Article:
Good to see that things are being talked through, and thought about.

Good to see that things are being talked through, and thought about.

This (and several other incidents) bring home that Google does try to follow the mantra of "Don't be evil'. Yes, they stuff up (AP sniffing, China, this little matter, etc) but they are open about it, and, when they realise that a mistake has been made (in policy or otherwise) they say so. In public. And then go about fixing it.

The whole AP sniffing matter could have been swept under the carpet, for example. No-one would have known, except for Google themselves saying "Err, guys? We've made a mistake here..." For which they were roasted.

So, in short, I do believe that Google are trying to do the best they possibly can. But they are human, and make mistakes. But, unlike many other companies, they admit their mistakes, and do their best to fix them.

This is not to say that we should not complain when they get it wrong! If we do not, how will they know otherwise? Just don't claim that it is a sign that they have "gone bad, just like we always said they would". It is much more likely that someone just like you or I has stuffed up. And you can bet that they would really like to fix it, just like we would.

Originally shared by Robert Scoble

I talked with Google VP Vic Gundotra tonight (disclaimer, he used to be my boss at Microsoft). He is reading everything we have written about names, and such. Both pro and con.

He says he is making some tough choices and that he will be judged over time how those choices turn out.

He says that he is trying to make sure a positive tone gets set here. Like when a restaurant doesn't allow people who aren't wearing shirts to enter.

He says it isn't about real names. He says he isn't using his legal name here. He says, instead, it is about having common names and removing people who spell their names in weird ways, like using upside-down characters, or who are using obviously fake names, like "god" or worse.

He says they have made some mistakes while doing the first pass at this and they are learning. He also says the team will change how they communicate with people. IE, let them know what they are doing wrong, etc.

I pushed him to make more of the changes, like give us a good appeals process, etc.

He also says they are working on ways to handle pseudonyms, but that will be a while before the team can turn on those features (everyone is working hard on a raft of different things and can't just react overnight to community needs).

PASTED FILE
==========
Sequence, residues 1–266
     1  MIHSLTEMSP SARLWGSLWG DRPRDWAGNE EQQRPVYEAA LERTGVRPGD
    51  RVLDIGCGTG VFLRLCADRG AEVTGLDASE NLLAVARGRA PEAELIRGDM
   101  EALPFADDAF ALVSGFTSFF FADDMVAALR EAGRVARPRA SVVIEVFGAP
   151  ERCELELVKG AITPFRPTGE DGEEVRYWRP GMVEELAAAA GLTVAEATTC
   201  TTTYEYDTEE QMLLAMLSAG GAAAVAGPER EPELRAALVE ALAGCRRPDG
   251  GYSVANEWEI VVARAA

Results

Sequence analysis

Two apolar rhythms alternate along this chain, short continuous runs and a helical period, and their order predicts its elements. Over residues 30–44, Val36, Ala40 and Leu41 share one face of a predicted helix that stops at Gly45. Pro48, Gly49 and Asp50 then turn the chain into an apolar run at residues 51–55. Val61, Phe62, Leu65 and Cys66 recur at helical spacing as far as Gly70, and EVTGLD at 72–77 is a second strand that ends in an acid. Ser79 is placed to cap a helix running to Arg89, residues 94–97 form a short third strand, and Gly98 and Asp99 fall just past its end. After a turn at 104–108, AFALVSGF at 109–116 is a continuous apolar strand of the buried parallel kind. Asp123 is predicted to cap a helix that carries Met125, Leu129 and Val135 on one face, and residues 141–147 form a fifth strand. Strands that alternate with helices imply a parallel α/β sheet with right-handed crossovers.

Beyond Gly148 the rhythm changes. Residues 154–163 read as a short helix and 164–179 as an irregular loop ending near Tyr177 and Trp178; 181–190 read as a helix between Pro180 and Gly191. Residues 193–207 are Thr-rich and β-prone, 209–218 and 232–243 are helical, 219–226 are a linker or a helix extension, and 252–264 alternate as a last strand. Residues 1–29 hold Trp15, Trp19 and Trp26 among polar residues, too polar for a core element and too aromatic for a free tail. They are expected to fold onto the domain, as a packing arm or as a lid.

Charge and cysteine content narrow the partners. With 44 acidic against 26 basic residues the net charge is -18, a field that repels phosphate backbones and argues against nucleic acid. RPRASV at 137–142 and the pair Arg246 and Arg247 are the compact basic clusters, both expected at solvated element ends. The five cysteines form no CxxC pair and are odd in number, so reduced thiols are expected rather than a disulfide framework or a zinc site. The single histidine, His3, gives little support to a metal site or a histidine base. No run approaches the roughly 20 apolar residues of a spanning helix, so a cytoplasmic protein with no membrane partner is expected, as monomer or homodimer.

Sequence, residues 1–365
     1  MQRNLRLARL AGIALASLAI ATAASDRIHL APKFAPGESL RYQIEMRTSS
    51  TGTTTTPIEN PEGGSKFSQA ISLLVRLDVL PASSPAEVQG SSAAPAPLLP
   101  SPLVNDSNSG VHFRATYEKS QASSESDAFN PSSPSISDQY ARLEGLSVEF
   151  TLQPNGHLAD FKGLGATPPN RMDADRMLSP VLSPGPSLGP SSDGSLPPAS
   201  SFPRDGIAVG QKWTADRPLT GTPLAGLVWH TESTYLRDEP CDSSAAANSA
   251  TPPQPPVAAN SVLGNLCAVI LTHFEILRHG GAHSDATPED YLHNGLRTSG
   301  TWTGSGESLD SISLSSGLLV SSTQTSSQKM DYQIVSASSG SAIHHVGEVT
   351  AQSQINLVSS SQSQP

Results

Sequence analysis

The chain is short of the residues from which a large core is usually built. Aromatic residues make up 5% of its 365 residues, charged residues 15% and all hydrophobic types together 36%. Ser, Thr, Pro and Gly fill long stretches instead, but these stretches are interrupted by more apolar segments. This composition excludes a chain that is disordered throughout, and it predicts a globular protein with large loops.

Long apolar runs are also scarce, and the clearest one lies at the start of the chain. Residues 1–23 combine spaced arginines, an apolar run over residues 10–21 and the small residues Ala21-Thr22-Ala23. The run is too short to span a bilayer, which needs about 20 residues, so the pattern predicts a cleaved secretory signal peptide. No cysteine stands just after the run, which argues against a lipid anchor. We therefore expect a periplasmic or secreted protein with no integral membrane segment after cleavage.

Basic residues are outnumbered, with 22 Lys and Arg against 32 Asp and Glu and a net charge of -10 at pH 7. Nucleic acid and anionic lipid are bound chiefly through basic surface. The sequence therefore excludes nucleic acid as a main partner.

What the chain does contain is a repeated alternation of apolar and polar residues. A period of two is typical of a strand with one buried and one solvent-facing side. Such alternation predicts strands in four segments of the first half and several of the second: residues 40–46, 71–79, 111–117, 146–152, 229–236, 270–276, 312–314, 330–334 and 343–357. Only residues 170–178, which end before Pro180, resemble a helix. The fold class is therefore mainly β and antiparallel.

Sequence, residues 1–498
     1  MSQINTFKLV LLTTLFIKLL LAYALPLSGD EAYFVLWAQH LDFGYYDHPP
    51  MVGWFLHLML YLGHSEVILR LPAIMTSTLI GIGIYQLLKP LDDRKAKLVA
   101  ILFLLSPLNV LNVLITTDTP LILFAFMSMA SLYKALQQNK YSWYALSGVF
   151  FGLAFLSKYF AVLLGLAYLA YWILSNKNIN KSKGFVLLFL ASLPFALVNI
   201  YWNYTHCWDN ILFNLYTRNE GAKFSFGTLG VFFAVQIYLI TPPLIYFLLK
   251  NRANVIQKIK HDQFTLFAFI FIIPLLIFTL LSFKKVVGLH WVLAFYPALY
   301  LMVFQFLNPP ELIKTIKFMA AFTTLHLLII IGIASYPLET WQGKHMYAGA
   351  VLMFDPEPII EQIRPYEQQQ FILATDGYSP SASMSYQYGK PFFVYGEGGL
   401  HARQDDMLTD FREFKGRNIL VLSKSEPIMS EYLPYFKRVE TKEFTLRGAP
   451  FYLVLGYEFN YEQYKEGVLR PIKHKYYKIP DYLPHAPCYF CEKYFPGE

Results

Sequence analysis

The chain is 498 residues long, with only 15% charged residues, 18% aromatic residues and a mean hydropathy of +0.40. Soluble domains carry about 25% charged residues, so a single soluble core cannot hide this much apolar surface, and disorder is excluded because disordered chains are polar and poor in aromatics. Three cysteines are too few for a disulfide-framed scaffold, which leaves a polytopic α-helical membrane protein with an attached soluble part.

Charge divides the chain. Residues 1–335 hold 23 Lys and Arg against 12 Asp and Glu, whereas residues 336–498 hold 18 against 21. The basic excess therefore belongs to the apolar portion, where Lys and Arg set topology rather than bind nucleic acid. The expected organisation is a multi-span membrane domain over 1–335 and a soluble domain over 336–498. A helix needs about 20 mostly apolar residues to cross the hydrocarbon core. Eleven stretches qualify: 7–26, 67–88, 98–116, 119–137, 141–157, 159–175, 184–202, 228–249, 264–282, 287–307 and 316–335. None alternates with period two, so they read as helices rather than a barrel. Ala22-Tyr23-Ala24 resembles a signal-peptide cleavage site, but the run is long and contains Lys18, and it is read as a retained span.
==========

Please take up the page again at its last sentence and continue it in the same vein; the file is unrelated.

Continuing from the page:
After running through his reasoning, mostly to have a nicer, more personal, community, I feel even stronger that Google is on the right track here even though I feel they weren't fair or smart in how they spun up these new rules, but Vic convinced me to hang in there and watch their decisions over the next few weeks.

I am on board and it will be interesting to watch Vic and his team. Me? I am having a ton of fun here and that is most of what counts.


  1. I'm afraid I'm not entirely inclined to trust good intentions - they're nothing without execution. And the problem so far has been bad actions, not insufficient words. And actions that contradict the words.

    Most of what I've heard from G+ staff on the names issue is "The product is what it is" (that's a quote, one I've seen more than once).

    There's "assume good faith" and then there's "your professed internal motivations are irrelevant, your actions are the problem."

  2. Given that the discussion with Scoble was this morning (Perth time), I would grant them at least a week (knowing full-well what can go wrong with rapid deployment of changes), but I would expect to see the suspensions stop or scale back a lot sooner.

    Lastly, I expect cock-ups at this stage. We are looking at a product that has been used internally (where different rules apply) for a year, and only released into the wild for a few weeks.

    And one more thing. Voice your concerns to the right people. If you take a look at the +'s on this, you'll find a likely candidate - or pointers to one, at least.

  3. I have a lot of friends who are wondering why they can not reshare from their android app version of G+. There are a few places that option could go: One it could look similar to the desktop version and go under the post but if space on the phone is an issue, it could go in the [...] in the upper right corner where you have the option to mute or report abuse. Just a thought.


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